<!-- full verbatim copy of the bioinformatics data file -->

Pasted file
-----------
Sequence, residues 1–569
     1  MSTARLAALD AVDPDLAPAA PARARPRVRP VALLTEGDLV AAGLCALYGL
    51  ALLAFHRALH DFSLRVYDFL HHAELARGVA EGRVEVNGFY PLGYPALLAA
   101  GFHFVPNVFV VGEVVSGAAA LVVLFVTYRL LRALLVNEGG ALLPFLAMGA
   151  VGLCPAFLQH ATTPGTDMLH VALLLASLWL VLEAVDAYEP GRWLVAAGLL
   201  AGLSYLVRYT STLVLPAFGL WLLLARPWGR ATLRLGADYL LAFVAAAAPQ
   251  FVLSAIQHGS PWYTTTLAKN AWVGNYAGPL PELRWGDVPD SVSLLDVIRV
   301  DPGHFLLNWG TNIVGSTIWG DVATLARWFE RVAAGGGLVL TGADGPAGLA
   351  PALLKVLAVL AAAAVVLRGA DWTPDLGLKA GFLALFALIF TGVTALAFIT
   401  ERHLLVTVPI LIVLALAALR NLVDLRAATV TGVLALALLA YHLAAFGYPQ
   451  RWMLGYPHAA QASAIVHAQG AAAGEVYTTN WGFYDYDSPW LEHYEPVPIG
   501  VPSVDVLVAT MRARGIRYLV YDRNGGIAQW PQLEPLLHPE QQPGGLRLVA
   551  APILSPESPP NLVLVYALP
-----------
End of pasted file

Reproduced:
Sequence, residues 1–569
     1  MSTARLAALD AVDPDLAPAA PARARPRVRP VALLTEGDLV AAGLCALYGL
    51  ALLAFHRALH DFSLRVYDFL HHAELARGVA EGRVEVNGFY PLGYPALLAA
   101  GFHFVPNVFV VGEVVSGAAA LVVLFVTYRL LRALLVNEGG ALLPFLAMGA
   151  VGLCPAFLQH ATTPGTDMLH VALLLASLWL VLEAVDAYEP GRWLVAAGLL
   201  AGLSYLVRYT STLVLPAFGL WLLLARPWGR ATLRLGADYL LAFVAAAAPQ
   251  FVLSAIQHGS PWYTTTLAKN AWVGNYAGPL PELRWGDVPD SVSLLDVIRV
   301  DPGHFLLNWG TNIVGSTIWG DVATLARWFE RVAAGGGLVL TGADGPAGLA
   351  PALLKVLAVL AAAAVVLRGA DWTPDLGLKA GFLALFALIF TGVTALAFIT
   401  ERHLLVTVPI LIVLALAALR NLVDLRAATV TGVLALALLA YHLAAFGYPQ
   451  RWMLGYPHAA QASAIVHAQG AAAGEVYTTN WGFYDYDSPW LEHYEPVPIG
   501  VPSVDVLVAT MRARGIRYLV YDRNGGIAQW PQLEPLLHPE QQPGGLRLVA
   551  APILSPESPP NLVLVYALP